Thursday, November 08, 2007

Feature-Rich, Low-Cost Software Modeling Solutions Driving Adoption, Creating Pricing Pressure

Recently published research by Venture Development Corporation (VDC) indicates that the availability of low-cost and free modeling tools is contributing to the growing use of standards-based modeling tools. Just as software programming evolved from the use of machine code level to more formal languages, software modeling tools allow developers to further abstract design and more easily address issues central to program’s architecture while insulated from the numerous details necessary to implement the system.

With the percentage of surveyed developers using tools typically priced below $1,000 having increased from 2006 to 2007, the growing functionality and penetration of free and low-cost modeling solutions have caused some market participants to reevaluate their strategies. According to Chris Rommel, Research Associate with VDC’s Embedded Software Practice, “The release of Aonix’s OpenAmeos into the open source community and Telelogic’s ‘Modeler,’ a free UML 2.1-based modeling tool announced in January 2007, respond to these challenges with the hope that adopting developers would eventually seek additional functionality and/or purchase other solutions from their larger tool sets.”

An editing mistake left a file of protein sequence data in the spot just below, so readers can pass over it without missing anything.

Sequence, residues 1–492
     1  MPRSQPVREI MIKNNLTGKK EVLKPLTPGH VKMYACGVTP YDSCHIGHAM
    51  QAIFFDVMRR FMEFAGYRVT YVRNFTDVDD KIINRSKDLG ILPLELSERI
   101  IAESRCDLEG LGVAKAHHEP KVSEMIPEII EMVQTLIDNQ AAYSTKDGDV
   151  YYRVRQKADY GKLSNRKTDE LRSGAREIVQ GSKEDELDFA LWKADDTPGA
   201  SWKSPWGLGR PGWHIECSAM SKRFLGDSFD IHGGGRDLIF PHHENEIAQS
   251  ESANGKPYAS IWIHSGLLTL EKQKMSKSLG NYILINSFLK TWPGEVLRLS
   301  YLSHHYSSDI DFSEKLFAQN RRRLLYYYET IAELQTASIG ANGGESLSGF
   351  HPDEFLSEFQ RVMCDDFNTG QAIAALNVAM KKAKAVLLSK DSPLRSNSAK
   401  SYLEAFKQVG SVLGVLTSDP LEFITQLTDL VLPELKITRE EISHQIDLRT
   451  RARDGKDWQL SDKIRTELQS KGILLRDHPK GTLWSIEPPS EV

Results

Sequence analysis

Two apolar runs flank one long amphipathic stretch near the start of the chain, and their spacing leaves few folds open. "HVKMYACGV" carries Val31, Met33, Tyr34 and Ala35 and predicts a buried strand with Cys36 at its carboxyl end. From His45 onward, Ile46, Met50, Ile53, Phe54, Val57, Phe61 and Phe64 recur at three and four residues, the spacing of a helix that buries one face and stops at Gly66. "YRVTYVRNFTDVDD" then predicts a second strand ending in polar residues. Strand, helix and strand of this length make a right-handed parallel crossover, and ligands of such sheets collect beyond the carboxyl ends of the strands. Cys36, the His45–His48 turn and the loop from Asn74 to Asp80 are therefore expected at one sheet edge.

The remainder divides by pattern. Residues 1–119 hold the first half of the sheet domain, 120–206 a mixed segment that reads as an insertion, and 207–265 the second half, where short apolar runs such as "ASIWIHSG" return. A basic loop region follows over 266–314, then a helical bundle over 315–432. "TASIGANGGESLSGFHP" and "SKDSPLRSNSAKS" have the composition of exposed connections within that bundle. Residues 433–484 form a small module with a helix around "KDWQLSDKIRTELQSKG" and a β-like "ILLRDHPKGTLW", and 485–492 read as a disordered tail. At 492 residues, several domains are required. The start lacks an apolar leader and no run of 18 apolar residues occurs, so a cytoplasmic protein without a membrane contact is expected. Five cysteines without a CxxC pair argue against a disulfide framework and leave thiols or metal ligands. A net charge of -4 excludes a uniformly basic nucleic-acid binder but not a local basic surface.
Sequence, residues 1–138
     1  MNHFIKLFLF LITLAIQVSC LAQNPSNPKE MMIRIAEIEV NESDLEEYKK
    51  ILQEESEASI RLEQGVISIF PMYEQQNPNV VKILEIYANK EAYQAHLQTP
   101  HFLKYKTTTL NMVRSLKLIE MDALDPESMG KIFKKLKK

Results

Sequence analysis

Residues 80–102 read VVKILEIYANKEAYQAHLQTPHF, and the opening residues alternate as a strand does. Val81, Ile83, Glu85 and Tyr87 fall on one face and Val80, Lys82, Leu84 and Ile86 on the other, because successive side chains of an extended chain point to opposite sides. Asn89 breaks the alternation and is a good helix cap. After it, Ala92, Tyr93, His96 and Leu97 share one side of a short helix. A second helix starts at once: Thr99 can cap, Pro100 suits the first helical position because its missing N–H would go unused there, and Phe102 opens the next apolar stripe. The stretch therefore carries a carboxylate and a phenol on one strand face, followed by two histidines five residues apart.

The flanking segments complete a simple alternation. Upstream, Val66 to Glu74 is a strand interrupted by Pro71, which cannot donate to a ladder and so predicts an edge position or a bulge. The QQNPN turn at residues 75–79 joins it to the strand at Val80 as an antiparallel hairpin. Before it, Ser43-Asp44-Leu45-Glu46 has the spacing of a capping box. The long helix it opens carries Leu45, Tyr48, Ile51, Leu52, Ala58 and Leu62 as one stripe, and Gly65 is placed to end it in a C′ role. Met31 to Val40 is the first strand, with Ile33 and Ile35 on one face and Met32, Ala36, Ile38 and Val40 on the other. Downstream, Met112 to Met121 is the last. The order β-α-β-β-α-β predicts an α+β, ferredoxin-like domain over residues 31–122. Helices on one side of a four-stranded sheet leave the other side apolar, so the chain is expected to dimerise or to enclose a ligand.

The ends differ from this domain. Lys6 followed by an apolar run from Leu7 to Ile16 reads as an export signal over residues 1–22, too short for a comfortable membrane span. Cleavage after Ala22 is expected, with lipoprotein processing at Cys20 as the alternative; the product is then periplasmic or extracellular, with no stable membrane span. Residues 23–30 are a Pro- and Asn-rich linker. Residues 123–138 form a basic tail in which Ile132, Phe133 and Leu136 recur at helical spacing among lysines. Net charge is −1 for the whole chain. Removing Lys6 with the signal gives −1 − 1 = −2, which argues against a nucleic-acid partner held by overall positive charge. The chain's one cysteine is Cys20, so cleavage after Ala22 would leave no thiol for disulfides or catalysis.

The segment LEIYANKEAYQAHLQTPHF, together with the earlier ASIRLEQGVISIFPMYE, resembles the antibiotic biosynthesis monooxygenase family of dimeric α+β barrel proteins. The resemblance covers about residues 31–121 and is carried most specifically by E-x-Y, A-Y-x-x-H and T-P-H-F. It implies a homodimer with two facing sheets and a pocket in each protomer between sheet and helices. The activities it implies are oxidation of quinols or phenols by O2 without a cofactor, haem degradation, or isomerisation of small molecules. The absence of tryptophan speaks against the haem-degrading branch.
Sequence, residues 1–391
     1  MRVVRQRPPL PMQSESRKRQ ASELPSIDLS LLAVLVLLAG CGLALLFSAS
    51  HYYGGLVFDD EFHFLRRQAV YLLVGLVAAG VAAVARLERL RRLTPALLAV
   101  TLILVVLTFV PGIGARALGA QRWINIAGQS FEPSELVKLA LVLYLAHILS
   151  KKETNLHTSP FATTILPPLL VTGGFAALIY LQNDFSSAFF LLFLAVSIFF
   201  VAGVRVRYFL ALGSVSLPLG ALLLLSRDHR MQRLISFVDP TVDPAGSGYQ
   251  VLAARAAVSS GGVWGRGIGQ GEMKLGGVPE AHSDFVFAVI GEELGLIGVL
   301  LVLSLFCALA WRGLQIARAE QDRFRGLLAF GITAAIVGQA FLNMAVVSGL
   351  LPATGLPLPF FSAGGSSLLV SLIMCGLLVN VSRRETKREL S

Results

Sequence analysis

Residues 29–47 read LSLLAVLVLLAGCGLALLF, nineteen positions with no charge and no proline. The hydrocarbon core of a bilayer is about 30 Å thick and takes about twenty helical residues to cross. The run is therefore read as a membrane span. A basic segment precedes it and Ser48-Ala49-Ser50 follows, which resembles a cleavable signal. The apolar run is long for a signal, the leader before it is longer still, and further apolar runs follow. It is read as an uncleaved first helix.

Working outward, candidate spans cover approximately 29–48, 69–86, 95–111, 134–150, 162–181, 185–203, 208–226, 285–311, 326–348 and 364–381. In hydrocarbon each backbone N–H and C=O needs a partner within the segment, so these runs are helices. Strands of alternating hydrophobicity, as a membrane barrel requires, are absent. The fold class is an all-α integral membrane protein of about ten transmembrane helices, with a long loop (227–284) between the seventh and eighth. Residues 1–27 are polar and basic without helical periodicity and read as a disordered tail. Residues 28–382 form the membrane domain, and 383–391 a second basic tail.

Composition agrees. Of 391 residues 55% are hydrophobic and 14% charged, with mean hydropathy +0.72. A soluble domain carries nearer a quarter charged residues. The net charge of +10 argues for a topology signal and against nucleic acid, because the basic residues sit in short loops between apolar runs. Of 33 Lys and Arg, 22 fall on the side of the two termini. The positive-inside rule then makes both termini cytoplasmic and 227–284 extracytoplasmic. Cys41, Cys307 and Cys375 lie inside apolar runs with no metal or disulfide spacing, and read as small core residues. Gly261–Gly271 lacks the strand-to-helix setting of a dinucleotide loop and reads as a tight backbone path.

According to Rommel, “While this rise in functionality and affordability certainly permits a greater number of developers to experiment with UML, the level of additional functionality required by new adopters will ultimately fuel any subsequent upgrades to more sophisticated and higher-priced tools.” Furthermore, the proposed acquisition of Telelogic by IBM may cause some developers to reevaluate their current modeling solution that could further accelerate the adoption of low-cost tools.

Within the Volume V: Embedded Software and System Modeling Tools report, VDC explores these and other critical issues and offers several strategies for commercial software modeling tools suppliers to effectively compete in the embedded market.